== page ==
Very often we find that sequential execution of UI tests becomes expensive to use as it directly impacts the delivery time. Nowadays, parallelization has become one of the essential features to have in a test framework. I have recently started using Python for WebDriver project and after searching through different ways of achieving parallelization, I found an out of the box solution for that using pytest-xdist.

So writing something simple like this pytest -n N runs the N tests in parallel. A simple use case would be writing selenium tests as below and run them in parallel using pytest.

def test_login(self):
  create_driver(browser_to_run)
  login()
  assert success_login()
  quit_driver()

Pretty simple!!

But there are a few limitations with the above test.

  1. If assert fails, above will not quit the driver and it will end up having several browsers open in your system.
  2. The above test can’t be run on different browsers at the same time in parallel.

To fix the first issue, we essentially need to move the create_driver() and quit_driver() out of the test code. That can be achieved by writing a pytest fixture to work like a beforeTest and afterTest block.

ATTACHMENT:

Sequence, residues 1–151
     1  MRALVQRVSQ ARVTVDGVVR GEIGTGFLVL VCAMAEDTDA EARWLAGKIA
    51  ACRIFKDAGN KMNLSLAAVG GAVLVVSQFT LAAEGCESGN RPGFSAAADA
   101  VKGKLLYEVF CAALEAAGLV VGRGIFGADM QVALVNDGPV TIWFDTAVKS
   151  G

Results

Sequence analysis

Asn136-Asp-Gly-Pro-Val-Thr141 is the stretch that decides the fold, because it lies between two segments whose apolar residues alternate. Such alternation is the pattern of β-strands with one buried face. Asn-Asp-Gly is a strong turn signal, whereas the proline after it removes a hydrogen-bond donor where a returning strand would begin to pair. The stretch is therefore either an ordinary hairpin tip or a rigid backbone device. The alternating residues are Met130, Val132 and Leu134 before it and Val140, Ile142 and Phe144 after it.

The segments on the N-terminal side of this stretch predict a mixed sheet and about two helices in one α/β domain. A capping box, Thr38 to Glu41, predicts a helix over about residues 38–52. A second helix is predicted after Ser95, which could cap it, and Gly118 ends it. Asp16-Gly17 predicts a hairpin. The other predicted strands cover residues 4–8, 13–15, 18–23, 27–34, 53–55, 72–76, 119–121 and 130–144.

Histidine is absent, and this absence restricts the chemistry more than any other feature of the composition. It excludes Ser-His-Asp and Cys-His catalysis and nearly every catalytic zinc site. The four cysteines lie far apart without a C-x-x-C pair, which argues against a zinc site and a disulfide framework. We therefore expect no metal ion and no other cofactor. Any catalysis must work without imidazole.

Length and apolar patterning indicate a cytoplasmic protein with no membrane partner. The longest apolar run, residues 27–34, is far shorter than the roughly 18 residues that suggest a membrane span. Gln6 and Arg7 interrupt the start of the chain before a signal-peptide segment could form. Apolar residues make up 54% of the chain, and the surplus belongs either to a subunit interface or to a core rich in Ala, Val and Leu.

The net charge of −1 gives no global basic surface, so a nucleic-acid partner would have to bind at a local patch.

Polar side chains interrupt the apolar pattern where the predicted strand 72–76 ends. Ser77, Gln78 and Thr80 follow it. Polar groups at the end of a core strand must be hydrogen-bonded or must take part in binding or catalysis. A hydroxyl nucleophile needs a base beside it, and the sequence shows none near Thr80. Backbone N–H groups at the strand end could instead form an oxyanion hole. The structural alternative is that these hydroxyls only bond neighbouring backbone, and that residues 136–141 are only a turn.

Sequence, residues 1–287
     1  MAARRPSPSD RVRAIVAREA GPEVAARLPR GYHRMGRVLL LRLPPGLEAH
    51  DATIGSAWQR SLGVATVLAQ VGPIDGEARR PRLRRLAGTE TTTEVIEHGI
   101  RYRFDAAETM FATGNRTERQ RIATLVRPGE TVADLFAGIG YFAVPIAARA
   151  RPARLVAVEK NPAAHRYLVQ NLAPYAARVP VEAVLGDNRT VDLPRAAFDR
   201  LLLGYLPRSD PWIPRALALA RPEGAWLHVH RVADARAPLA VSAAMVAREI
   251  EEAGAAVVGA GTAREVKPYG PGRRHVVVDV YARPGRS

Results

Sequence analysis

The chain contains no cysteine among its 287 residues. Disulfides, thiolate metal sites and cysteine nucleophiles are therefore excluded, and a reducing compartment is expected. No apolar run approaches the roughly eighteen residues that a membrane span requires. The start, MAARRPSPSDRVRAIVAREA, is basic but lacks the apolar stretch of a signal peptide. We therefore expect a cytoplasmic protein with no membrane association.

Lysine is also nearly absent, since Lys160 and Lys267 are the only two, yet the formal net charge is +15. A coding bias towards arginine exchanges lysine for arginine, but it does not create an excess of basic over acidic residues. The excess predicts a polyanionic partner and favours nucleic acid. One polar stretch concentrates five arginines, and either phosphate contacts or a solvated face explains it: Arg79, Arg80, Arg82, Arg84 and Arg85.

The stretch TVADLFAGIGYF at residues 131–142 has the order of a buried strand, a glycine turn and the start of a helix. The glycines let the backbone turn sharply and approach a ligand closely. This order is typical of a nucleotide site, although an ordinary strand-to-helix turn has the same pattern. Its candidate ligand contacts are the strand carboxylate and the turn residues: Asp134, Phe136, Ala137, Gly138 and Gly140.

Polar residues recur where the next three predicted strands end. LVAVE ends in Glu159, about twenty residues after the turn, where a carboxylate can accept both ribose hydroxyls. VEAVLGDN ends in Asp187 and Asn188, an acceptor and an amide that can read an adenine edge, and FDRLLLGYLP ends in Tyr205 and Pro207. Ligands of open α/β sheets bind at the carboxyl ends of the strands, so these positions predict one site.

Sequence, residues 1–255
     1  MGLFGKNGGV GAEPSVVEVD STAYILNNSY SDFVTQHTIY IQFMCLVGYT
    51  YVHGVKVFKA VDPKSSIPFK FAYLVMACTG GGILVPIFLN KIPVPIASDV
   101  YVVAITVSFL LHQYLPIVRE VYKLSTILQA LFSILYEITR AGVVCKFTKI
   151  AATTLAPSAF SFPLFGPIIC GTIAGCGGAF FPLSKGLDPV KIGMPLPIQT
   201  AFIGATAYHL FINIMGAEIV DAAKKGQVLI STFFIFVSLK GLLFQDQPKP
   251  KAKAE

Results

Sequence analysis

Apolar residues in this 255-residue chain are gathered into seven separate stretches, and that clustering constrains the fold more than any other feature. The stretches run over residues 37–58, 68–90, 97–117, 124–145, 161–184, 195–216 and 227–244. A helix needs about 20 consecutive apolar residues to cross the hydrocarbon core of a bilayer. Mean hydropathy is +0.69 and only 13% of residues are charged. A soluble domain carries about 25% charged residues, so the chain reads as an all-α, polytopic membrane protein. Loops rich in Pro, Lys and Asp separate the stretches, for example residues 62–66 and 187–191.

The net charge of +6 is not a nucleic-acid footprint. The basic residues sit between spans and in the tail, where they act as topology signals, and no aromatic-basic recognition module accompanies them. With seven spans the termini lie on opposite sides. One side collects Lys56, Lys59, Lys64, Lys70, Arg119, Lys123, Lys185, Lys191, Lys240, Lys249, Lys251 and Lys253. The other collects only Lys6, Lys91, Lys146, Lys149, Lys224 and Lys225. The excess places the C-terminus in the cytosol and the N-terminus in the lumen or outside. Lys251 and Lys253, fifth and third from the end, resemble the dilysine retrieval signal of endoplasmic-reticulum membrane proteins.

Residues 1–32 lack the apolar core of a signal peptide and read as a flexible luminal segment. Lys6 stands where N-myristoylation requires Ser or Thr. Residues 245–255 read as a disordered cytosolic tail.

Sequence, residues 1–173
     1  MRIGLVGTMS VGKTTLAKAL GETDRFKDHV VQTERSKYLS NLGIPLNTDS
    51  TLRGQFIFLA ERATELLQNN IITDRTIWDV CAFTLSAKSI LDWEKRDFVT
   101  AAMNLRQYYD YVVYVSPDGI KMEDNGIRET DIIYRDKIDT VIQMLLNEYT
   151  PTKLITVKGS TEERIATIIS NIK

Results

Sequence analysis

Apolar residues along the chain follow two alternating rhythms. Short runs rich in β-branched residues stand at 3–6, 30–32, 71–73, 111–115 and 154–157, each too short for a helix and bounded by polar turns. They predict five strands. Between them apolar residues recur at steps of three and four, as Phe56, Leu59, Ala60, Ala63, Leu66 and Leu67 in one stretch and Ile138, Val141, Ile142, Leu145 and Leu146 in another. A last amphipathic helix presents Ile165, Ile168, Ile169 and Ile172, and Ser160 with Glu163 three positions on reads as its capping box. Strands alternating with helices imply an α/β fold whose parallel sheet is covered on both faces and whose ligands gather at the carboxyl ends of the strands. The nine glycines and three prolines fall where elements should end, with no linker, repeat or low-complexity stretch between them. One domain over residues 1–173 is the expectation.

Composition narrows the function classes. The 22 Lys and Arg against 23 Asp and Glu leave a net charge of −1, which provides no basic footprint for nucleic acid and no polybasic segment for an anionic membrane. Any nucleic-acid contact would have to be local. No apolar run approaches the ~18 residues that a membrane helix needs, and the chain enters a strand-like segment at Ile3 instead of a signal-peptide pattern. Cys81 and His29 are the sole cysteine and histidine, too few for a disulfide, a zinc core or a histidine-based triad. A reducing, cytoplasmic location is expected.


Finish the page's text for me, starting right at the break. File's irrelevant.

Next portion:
@pytest.fixture(autouse=True)
def run_around_test():
    create_driver(browser_to_run)
    yield
    quit_driver()

To access the driver instance in the test code, I used a test profile. It can be a separate blog post.

The other issue of running the tests in parallel on different browsers can be fixed by generating the parametrized tests at run time. For that, I leveraged pytest_generate_tests as below:

# content of conftest.py

def pytest_addoption(parser):
    """CLI args which can be used to run the tests with specified values."""
    parser.addoption('--browser', action="append", default=[], choices=['chrome', 'firefox', 'edge'],
                     help='Your choice of browser '
                          'to run tests.')


def pytest_generate_tests(metafunc):
    """To generate the parametrized tests"""
    browsers = metafunc.config.getoption("browser")
    if "browser_to_run" in metafunc.fixturenames:
        metafunc.parametrize("browser_to_run", browsers)


@pytest.fixture(autouse=True)
def run_around_test(browser_to_run):
    create_driver(browser_to_run)
    yield
    quit_driver()

The pytest_addoption fetches the browser args passed from command line as pytest --browser=chrome --browser=firefox --browser=edge and pytest_generate_tests parametrize the fixture named with browser_to_run. It also generates three tests at run time to run with parametrized fixture.

The run_around_test() is a consumer of fixture browser_to_run and browser_to_run is parametrized by pytest_generate_tests(). Note the @pytest.fixture(autouse=True) decorator which specifies that all the tests are consumer of this fixture. Which means tests do not need to specify anything about its fixture. A sample test:

def test_login(self):
    login()
    assert success_login()

To run the tests on different browsers in parallel can be simply achieved by pytest -browser=chrome --browser=firefox --browser=edge -n 3.